Jamie Nau: I think what you said that was really important is that it is a special kind of audit. So I grew up in audit. I worked for about 10 years and it was kind of a fun game. Every summer my firm decided how they were going to handle the 401(k) audits. Some summer it was the everybody did it. Everybody provided 401(k) audits whether you were doing financial audits or whatnot. That's what you did during the summer was 401(k) audits. And then some summers I didn't have to do them at all because we had a specialized unit that did these audits. And that's all they did all year round and so every summer our firm seemed to switch back and forth between whether we were going to do it or whether specialized people were going to go at it is that specialized it's not a typical audit. So I think it is really important that the people that are doing it have experience because it is definitely unique for the audit industry.
Kim Moore: That's very true. Yeah it's kind of a two part audit for those who know a little bit about what the typical company financial statement audits are like. And we get a mix are our new clients. Some of them are familiar with the audit process, some of them have never been through an audit they don't even know. It's like audit is a foreign word. They don't know what it means. But for anybody who doesn't know what a financial statement audit is, this is kind of a subset of that. So we will do all of the things you do in regular financial statement audit. The end product look is very much like a typical financial statement audit. It’s going to have the audit opinion letter. It's going to have a financial statement. It's going to have the footnotes disclosures. There are some additional things that get added there. Department of Labor additional things. But the front part of it all looks very similar, at a high level, as to what you'd get in in a regular financial statement audit. But there's this other set of work that you have to do. If you've ever been in a 401(k) plan and you think about all the things that you went through throughout the lifecycle of you being in that plan. From being eligible and first getting into the plan to contributing over a number of years. And then eventually in some fashion you're going to take your money out of the plan. All of those elements get tested as part of this audit. Obviously not every participant in every plan. We're going to select a sample. But every aspect of that from, did people get offered to plan appropriately? All the way through to they're taking their money out. Was all of that handled appropriately? And there's all kinds of regulatory requirements. There's congressional acts believe or not that affect this. So it is very socialized. And as you say a lot of the audit firms just find a body. It's this summer. So whoever you have, let’s give them something to do today. Let's give them this thing over here, it's just another audit, who cares. And maybe they're not looking at all the things that they should. Because a typical auditor would do the financial pieces. They'd probably do that fine. But all of the regulatory compliance participants, the specific pieces, they'd probably just ignore or wouldn't even do them because they are very unique.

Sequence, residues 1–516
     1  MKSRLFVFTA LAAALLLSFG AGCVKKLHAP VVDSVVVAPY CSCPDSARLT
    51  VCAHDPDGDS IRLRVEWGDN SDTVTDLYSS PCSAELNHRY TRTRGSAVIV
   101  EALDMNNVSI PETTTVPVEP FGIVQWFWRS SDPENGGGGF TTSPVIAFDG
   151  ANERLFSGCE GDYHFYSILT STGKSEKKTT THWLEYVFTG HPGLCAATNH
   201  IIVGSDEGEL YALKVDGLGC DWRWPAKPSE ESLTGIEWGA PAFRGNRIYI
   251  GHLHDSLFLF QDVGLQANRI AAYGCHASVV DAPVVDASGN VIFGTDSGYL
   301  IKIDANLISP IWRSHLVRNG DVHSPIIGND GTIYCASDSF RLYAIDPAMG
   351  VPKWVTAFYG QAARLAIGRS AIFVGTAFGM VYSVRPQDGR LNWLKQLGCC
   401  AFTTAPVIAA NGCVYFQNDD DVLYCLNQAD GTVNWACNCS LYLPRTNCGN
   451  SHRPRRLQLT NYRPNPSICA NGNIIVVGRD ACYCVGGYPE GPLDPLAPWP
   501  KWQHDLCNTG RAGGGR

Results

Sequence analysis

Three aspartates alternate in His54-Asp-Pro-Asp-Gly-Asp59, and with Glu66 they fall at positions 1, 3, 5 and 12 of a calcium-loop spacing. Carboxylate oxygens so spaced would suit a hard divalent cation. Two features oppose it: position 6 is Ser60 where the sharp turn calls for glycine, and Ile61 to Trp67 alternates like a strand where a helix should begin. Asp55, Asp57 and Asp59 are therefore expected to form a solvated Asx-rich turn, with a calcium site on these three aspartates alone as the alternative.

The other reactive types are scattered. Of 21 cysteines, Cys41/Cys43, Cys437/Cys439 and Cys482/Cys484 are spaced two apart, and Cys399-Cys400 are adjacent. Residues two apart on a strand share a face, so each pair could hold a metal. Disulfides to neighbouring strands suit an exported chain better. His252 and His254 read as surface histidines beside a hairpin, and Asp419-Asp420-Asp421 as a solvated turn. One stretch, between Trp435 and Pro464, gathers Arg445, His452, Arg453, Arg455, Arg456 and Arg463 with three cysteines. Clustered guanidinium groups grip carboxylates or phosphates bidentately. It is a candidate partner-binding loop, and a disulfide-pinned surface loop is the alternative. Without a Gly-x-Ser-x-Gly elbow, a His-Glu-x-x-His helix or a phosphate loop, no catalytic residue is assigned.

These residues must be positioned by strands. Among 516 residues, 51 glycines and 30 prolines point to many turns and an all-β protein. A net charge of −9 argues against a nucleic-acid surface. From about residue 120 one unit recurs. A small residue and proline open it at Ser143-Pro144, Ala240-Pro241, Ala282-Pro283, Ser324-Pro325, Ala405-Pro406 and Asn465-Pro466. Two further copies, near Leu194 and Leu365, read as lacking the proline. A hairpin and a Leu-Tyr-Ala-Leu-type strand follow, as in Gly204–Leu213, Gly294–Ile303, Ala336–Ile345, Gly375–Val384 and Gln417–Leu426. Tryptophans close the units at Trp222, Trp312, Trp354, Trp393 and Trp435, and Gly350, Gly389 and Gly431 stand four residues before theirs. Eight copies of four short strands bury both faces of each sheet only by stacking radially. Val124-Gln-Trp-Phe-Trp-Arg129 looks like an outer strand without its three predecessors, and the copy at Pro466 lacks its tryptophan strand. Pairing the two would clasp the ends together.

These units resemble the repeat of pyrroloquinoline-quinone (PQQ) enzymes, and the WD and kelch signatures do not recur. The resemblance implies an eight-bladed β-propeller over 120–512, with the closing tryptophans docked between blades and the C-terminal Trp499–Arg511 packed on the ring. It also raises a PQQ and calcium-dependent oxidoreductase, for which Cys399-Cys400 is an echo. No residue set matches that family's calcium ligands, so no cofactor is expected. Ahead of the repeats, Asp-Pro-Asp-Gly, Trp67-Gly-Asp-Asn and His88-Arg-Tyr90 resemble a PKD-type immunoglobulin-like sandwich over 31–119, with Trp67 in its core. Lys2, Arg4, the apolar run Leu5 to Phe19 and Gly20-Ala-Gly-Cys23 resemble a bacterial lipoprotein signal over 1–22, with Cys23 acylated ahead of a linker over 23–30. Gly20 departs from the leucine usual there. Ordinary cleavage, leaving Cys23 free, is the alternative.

Jamie Nau: It’s more compliance like you said. So it's more, yes, no. There's no materiality. There's no like, oh well it's close. You know. It's if something is being done or it's not being done. So as an auditor you have to have the right mindset going into it.
Kim Moore: Absolutely true. There is a concept that's very foreign for sure.
Jamie Nau: You definitely changed the way you're thinking about things and switching gears there. So you mentioned the term fiduciary. I'd like you to go into that a little bit. I think it's really important from someone who's getting audited to understand what that means. Like who is the fiduciary working for? What's the purpose of it, and how a fiduciary rule works in an organization.